Intrapersonally oriented leaders focus on the needs and
concerns of the individual members.
Interpersonal
Intrapersonal
Focus on group process
Focus on personal issues
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Copyright © 2012 Brooks/Cole, a division of Cengage Learning, Inc.

Leadership styles can be viewed on a continuum.
Interpersonally oriented leaders emphasize the “here”,
and the dynamics of the group.

©2016. Cengage Learning. All rights reserved.

Interpersonal Versus Intrapersonal
Leadership Styles


– Content - the task or purpose of the group
– Process - the interaction between members,
between members and the leader, and how
members participate in the group

Copyright © 2012 Brooks/Cole, a division of Cengage Learning, Inc.

There are both content and process functions
that the leader must address.

©2016. Cengage Learning. All rights reserved.

Leadership Functions


What do you think are the characteristics of
good group leaders?

Copyright © 2012 Brooks/Cole, a division of Cengage Learning, Inc.

In groups of 4,


Copyright © 2012 Brooks/Cole, a division of Cengage Learning, Inc.

Experience with individual counseling
Experience and comfort with groups
Planning and organizational skills
Knowledge of relevant topics
An understanding of basic human issues and
conflicts
A thorough understanding of counseling theory

©2016. Cengage Learning. All rights reserved.

What Makes An Effective Leader?


Copyright © 2012 Brooks/Cole, a division of Cengage Learning, Inc.

Read and understand the Ethical Codes of your
professional organizations
Be well prepared and knowledgeable on the
topics of the groups you lead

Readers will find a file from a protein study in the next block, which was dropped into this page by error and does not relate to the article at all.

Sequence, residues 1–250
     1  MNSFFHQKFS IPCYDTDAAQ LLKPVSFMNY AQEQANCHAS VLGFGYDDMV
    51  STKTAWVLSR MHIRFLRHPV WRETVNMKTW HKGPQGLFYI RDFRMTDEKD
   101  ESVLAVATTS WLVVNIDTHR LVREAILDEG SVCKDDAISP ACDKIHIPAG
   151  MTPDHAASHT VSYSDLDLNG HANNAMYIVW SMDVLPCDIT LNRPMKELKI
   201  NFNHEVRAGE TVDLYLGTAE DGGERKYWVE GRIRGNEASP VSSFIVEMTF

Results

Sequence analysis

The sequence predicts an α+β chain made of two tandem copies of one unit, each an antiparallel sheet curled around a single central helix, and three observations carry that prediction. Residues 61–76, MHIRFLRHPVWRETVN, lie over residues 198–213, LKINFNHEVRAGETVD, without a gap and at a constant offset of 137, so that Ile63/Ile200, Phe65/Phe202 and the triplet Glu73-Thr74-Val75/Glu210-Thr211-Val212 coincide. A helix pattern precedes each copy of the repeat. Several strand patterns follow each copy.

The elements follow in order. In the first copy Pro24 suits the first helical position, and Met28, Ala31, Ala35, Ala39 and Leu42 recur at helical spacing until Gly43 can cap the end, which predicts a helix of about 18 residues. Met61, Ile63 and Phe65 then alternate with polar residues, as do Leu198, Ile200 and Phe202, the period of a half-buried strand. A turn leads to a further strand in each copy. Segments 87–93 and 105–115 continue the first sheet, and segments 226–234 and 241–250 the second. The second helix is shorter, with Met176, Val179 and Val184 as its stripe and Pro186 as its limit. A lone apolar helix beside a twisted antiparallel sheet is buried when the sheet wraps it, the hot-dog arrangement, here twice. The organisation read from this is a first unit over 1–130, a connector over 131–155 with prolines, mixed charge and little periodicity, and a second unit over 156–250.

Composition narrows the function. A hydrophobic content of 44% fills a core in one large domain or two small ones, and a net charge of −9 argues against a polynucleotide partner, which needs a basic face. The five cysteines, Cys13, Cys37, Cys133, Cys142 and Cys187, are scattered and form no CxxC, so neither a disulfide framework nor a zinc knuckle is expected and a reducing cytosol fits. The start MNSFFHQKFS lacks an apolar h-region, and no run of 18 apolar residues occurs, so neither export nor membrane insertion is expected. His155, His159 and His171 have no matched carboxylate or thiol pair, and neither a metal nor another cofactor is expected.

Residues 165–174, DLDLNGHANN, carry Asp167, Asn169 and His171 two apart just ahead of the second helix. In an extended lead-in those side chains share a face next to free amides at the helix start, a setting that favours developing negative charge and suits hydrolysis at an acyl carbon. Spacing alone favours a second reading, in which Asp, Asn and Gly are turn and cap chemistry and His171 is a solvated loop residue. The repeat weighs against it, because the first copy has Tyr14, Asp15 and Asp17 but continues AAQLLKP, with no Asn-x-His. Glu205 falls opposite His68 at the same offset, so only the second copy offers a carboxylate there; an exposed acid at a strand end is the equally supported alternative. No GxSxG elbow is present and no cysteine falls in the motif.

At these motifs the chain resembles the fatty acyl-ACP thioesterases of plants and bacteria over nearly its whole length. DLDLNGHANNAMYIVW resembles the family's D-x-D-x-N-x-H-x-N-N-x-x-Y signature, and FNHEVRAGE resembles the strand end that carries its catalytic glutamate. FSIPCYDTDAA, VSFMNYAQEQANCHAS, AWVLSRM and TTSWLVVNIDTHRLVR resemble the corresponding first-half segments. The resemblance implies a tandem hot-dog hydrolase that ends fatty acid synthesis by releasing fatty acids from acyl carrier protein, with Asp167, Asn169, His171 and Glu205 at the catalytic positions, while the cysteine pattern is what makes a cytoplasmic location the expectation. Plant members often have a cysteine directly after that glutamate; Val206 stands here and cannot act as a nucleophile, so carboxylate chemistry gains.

Have adequate supervision and opportunities for
personal growth outside groups you lead
Avoid harmful dual relationships

©2016. Cengage Learning. All rights reserved.

Ethical Considerations When
Leading Groups


Copyright © 2012 Brooks/Cole, a division of Cengage Learning, Inc.

Maintain appropriate confidentiality
Inform members about the goals and purpose of
the group and expectations of members
Know and use exercises properly, advise
members of potential risks, and allow time to
process
Encourage, but don’t demand participation
Don’t trick members into opening up
Make appropriate post-group referrals

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Additional Ethical
Considerations


Copyright © 2012 Brooks/Cole, a division of Cengage Learning, Inc.

Know the relevant laws of your state
As a leader, always use due care and act in
good faith
Maintain a “standard of group practice” common
to your profession
Be aware of your clients’ rights
Practice within your level of competence

©2016. Cengage Learning. All rights reserved.

Legal Issues


Copyright © 2012 Brooks/Cole, a division of Cengage Learning, Inc.

Members will do many of the following:
Skip from topic to topic
Dominate the discussion
Be “chit-chatty” rather than personal and focused
Attend sporadically
Be shy and withdrawn
Get angry at the leader

©2016. Cengage Learning. All rights reserved.

Potential Group Problems


Copyright © 2012 Brooks/Cole, a division of Cengage Learning, Inc.

Get angry at one another
Pressure (force) others to speak
Preach their personal morality
Be resistant because forced to attend
Dislike other members
Stop attending the group

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More Potential Problems